Environmental Forces Promoting Social Change
SOC490: Social Science Capstone
Instructor: Lynn Lunceford
November 29, 2010
Today the ideal illustration was brought to my attention, which left me contemplating upon this inquiry. What environmental forces promote social change? The example unexpectedly came from one of my After School Program femal students, who placed a note in the question box. I recognized after evaluation of the note that most students of her age are beging to speculate about social and gender questions. Her question read “Why boys are more open to acknowledge one another and girls are occasionally shy?” This notifies as much about her own traditions ...view middle of the document...
Social change is defined as “Significant alteration over time in behavior patterns and culture, including norms and values” (Schaefer, 2009, p. 425). It is also explained as socical process whereby the valuus, attitudes, or institutions of society, such as education, family, religion, and industry become modified. It incorporates both the natural process and action programs initiated by members of the community.
If social changes of such micro/specific things as individual outlook or family morals, can be changed by outside forces, then so can macro/gerneral institutions such as businesses or corporations, organized religions, the education systems we learn from K-12, as well as post secondary, and technical or other schools, or even government. Who places these changes into action? Is one stage of change more essential than the other? Can a single person transform the world? Can the social forces in the world transform a human being? The situation on these questions would be one of cultural relativism, where the alterations would need to be observed through the lens of the cultural society in which it takes place. For example, American culture is comparable as well as different than the European culture; alike because they equally draw form Western standards, teachings, and practices, as well as comparable democratic governmental roles, but different because the self-governing states within Europe vary in culture, traditions, language, and local values than does the United States.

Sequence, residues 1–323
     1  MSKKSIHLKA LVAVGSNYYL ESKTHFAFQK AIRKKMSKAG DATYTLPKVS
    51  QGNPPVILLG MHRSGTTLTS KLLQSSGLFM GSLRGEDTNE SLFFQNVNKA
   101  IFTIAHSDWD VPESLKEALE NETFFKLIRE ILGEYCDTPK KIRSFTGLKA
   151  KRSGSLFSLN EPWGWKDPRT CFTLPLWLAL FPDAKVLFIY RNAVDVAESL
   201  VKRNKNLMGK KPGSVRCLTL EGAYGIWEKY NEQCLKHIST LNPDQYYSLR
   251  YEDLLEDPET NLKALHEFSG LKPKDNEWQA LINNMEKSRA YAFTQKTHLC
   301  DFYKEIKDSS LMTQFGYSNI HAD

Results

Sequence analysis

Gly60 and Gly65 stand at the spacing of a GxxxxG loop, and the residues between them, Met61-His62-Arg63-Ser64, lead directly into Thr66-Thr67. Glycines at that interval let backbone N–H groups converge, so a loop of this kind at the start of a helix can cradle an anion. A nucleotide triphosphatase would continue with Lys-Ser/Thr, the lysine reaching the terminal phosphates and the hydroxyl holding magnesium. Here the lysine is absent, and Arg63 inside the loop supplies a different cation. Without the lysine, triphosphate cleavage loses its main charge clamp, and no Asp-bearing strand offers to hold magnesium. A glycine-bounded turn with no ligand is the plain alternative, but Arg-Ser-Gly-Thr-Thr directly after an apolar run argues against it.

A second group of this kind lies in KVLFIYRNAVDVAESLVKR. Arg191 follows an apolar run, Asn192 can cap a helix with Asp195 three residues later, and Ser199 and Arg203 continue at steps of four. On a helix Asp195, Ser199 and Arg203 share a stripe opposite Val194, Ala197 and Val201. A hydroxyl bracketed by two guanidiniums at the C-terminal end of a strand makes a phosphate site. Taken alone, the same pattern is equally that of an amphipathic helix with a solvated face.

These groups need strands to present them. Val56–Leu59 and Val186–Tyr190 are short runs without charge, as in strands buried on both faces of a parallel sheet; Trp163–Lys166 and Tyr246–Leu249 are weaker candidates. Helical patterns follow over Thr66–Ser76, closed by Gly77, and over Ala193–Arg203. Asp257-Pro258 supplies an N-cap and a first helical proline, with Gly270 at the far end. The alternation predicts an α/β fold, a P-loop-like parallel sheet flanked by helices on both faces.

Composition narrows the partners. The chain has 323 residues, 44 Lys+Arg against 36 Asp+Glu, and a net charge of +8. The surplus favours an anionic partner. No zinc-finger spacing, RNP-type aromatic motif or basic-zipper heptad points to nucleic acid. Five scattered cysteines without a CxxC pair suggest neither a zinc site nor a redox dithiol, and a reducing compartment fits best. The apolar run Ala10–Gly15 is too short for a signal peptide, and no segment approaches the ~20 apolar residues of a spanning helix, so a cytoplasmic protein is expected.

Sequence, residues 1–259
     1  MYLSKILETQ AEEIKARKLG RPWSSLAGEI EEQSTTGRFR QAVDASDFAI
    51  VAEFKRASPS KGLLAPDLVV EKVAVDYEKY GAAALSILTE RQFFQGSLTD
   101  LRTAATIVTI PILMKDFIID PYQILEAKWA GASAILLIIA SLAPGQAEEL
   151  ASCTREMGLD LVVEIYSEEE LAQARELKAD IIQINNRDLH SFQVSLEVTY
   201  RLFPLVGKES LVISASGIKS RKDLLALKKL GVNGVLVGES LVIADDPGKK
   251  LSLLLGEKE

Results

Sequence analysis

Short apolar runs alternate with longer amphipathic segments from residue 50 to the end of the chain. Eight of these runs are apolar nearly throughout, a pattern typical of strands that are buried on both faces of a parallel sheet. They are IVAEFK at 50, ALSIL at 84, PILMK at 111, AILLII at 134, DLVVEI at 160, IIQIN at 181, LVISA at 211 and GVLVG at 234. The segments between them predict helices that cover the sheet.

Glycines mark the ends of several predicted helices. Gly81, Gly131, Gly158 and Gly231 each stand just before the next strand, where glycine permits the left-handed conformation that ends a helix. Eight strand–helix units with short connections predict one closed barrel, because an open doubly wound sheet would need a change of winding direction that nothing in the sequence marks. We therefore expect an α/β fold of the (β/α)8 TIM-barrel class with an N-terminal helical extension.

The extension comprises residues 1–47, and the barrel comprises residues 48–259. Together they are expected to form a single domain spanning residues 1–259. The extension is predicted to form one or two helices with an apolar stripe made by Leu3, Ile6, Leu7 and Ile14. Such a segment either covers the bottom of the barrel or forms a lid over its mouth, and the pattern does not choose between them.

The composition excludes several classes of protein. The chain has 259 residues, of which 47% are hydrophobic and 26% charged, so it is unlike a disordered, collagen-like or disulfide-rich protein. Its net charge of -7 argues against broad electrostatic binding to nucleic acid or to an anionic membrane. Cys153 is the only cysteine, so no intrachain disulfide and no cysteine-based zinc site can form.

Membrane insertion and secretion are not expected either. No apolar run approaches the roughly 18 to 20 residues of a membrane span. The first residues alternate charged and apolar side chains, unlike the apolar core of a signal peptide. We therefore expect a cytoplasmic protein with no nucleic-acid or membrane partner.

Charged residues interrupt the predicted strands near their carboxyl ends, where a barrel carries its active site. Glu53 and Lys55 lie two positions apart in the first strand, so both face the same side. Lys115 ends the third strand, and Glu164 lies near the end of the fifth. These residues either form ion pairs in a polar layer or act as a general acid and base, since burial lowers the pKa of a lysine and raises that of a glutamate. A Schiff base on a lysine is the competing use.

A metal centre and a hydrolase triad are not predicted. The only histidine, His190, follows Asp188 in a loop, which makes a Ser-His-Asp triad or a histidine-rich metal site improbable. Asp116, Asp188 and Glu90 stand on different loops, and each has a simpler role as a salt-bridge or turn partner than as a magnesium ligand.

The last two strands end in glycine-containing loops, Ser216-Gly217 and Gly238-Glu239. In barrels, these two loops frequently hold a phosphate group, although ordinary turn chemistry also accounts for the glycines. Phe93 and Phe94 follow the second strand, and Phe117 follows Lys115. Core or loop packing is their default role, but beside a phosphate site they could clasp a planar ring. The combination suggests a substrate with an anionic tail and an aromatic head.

According to Cousins(2008), European life needs to stay diversely respected and the European Union (EU) should participate in peacfully supporting that uniqueness at all levels as society evloves and changes, keeping in mind that nationalism and religious diversions are two major factors to overcome (para. 1,3). Cousins concludes that the SEPE (social, economic and political evolution) of Europe cannot be completely compared to natural evolution, saying (regarding mankind) that “natural evolution has needed neither his knowledge nor his consent. Unfortunately, his peaceful, social, economic and political evolution requires both” (2008, para. 5). This articulates of cultural and institutional education and personal principles being in harmony with the apparition. Furthermore, a “Peaceful Unification of Europe” is dependent upon overcoming a host of issues (2008, para. 27). With 27 member States, a lot of of which have, in result, been enticed to join; an astonishing 785 MEPs, traveling like a circus between tow almost useless Parliaments in two different countries; 23 official languages; mountains of surplus food in a semi-starving world; secret budgets that for 13 years the auditors have refused to sign; just one democratic vote every five years; widespread fraud; and a Constitution that is being forced upon us, it appears to be a circumstance that will take years to correct if the EU does not fall apart before then, have we not learned nothing from...